• Re: (Score:3, Informative)

        by Hetero ( 5159127 )
        2006: The AT&T split from 25 years prior was ondone. All the Baby Bells became again AT&T. Didn't seem to make much difference. This happened in the Bush administration.

        2008 and Onward: Too big to jail, Eric Holder: "The size of some of these institutions becomes so large that it does become difficult for us to prosecute them when we are hit with indications that if you do prosecute, if you do bring a criminal charge, it will have a negative impact on the national economy."
        • by Rakarra ( 112805 )

          2006: The AT&T split from 25 years prior was ondone. All the Baby Bells became again AT&T. Didn't seem to make much difference.

          Sure it did. Now you have Verizon, Sprint, T-Mobile, and a few smaller carriers. AT&T does not have overwhelming monopoly power anymore.

        • All antitrust actions include an expiration date. General Oil was split up, and after the expiration date, they began to merge again. AT&T is no exception, and contrary to your statement, they began merging well before 2006. CenturyLink (which wasn't a Baby Bell in the beginning, but it picked up USWest) AT&T, and Verizon remain.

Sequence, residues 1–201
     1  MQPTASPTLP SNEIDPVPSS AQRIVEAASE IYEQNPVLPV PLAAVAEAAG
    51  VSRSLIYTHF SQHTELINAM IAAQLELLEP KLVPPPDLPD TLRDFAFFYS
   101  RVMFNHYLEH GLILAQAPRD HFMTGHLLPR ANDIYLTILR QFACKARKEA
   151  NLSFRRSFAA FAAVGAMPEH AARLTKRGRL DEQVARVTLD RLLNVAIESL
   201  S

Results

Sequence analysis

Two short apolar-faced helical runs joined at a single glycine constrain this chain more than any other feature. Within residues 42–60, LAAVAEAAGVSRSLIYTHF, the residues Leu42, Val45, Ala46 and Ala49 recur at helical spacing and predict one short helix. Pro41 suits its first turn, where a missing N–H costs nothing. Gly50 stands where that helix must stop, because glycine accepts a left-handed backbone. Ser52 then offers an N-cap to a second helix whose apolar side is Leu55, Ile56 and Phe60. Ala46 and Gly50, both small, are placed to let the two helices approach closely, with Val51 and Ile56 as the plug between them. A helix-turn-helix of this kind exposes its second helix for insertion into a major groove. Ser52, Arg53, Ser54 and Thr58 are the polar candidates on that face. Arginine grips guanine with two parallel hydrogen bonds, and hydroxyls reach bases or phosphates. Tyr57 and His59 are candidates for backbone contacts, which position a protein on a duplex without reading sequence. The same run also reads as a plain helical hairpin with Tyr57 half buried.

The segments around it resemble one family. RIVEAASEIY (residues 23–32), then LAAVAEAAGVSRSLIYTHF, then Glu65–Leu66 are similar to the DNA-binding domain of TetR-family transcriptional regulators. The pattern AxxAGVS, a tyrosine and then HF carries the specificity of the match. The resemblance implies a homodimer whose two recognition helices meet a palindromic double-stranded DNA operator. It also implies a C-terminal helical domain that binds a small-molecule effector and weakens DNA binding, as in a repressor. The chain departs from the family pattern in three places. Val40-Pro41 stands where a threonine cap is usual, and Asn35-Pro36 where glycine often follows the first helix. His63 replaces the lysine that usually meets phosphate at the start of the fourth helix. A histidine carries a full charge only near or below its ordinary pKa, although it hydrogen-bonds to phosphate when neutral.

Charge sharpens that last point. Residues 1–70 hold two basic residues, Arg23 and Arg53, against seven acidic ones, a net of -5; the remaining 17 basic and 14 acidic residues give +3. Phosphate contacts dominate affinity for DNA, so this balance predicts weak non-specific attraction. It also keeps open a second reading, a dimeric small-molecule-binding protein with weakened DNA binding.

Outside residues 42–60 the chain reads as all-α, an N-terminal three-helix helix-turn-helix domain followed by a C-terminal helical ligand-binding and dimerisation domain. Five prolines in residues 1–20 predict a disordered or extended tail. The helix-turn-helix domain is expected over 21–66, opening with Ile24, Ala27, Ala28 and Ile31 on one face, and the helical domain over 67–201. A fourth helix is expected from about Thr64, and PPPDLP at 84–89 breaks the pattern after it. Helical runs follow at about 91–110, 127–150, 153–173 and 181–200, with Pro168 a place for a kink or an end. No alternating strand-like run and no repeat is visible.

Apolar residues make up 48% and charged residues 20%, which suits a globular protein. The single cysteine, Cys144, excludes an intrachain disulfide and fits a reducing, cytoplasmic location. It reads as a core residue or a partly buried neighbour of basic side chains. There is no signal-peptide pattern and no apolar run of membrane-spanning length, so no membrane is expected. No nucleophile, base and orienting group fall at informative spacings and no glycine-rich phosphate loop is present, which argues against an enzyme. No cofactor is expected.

Sure, 3 is much smaller than the original 7 (tellcore doesn't count because it's only a standards body, and it was bought up by a company who also isn't a phone service prov

    • by Anonymous Coward

      The AT&T merger is being blocked on the grounds it is bad for the consumer and AT&T and Time Warner are already on record stating it will allow them to raise prices.

      Just because "Trump" does not excuse you for your poor logic on how bad this merger would be for consumers.

      AT&T and Time Warner simply should not be merging.

      And you thinking the merger would be good just because of "Trump" does not speak well of your ability to think.

      • by JoshuaZ ( 1134087 ) on Tuesday February 20, 2018 @10:55PM (#56161521) Homepage